Zone Out is the new single from Imperial and features talented UK rapper, K.I.N.E.T.I.K. Imperial’s soulful yet gritty production draws you into the mind of K.I.N.E.T.I.K. as he tackles issues of self-esteem, social networking and some of bigger philosophical questions of life. This is the first all UK release from Illect Recordings.
Imperial: K.I.N.E.T.I.K. and I hooked up about 9 months ago and have been plotting and scheming ever since. We decided to work on some original music after I remixed a song of his called Memory Lane. We share a similar music taste, and the beat for ‘Zone Out’ came about fairly swiftly fitting both of our styles. The main sample used in the song has been flipped a few times before (Hip Hop heads will know!), but I wanted to put my own stamp and twist on it bringing it to life once again. Another studio session is already booked so don’t be surprised to hear more music from us in the future… but for now, I hope you enjoy Zone Out!
K.I.N.E.T.I.K.: A few years ago when I first heard the Below The Heavens album by Blu & Exile, there was one line in particular that really stood out to me. On the track Show Me The Good Life, Blu says “I learn more when I ride the bus”. I can relate to that lyric a lot because since I live in London; I use public transport almost every day and it’s during these times when I think deeply about a lot of things. Once Imperial sent me the beat; I wrote the verses over the next couple of weeks in my head while actually on the bus and train, because I wanted the song to be as true to the concept as possible. The verses do have quite a bit of depth to them, but they may not be totally cohesive as I wanted to highlight the fact that my thoughts can sometimes be random, erratic or just all over the place. Some lines may make the listener feel uncomfortable or even shocked at first, but this was done intentionally because I wanted to talk about things that many of us think about but hardly ever say.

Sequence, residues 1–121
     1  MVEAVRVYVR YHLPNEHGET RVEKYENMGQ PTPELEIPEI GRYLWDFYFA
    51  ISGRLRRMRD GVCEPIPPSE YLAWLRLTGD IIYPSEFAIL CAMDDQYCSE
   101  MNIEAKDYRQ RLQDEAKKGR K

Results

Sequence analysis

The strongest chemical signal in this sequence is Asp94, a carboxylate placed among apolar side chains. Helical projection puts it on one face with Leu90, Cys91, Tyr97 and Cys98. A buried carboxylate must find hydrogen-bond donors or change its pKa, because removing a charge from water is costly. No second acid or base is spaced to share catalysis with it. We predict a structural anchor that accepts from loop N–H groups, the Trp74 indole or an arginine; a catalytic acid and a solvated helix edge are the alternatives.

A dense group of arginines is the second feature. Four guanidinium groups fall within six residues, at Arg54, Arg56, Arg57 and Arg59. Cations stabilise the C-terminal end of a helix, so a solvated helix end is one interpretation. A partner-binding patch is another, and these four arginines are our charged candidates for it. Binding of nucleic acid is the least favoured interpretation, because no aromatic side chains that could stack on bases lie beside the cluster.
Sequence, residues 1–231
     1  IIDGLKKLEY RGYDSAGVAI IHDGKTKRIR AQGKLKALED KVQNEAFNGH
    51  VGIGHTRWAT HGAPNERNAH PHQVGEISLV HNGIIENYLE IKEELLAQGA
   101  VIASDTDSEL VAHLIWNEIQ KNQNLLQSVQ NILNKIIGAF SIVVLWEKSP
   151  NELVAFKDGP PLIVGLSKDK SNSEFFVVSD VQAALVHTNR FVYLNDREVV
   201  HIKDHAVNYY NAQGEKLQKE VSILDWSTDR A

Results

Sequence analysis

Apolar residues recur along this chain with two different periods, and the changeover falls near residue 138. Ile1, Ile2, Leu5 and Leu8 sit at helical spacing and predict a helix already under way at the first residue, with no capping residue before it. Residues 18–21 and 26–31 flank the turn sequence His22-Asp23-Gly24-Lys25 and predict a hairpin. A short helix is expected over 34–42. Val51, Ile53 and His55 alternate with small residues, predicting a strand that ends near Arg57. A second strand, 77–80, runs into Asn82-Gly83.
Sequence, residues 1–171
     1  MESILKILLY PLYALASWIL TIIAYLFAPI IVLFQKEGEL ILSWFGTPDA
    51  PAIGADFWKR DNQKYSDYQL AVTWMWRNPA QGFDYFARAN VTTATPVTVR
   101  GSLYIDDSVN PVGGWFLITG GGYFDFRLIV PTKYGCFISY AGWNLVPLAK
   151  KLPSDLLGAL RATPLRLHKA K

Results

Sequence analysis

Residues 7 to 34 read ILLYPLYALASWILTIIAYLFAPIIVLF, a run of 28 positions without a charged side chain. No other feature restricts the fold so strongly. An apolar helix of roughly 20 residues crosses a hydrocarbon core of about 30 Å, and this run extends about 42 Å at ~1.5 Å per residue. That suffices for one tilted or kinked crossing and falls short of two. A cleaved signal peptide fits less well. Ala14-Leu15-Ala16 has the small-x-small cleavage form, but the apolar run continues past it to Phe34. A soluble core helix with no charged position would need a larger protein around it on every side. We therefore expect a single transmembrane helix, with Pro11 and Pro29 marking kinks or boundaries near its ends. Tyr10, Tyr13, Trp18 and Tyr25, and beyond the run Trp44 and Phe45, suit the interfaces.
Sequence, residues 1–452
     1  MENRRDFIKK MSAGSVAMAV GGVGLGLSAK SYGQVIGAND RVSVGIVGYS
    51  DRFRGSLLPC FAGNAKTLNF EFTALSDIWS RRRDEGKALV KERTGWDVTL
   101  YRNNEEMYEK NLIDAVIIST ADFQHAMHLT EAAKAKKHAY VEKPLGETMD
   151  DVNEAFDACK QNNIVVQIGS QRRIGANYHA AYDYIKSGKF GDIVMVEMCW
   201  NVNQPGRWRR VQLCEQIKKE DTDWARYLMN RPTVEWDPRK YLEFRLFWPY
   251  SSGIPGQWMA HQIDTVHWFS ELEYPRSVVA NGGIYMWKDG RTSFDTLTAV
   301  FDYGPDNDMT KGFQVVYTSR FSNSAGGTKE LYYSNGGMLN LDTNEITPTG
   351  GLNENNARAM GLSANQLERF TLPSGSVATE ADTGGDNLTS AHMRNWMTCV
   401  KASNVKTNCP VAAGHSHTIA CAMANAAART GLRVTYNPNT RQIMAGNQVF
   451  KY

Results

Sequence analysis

When it came to finally hooking up with Imperial, the whole working process was really easy. Before he even turned the microphone, we sat and just talked about everything from music, to jobs, to kids and even my love of Victoria Sponge cake. I remember seeing a vinyl copy of The Low End Theory by A Tribe Called Quest in the corner of the room and thinking to myself “yeah I’m safe here, I’m in good hands”. During the actual recording, everything went very smoothly. We threw ideas back and forth, made changes, added little tweaks and it was a good laugh. I can’t wait to get back in the studio and see what else we can come up with.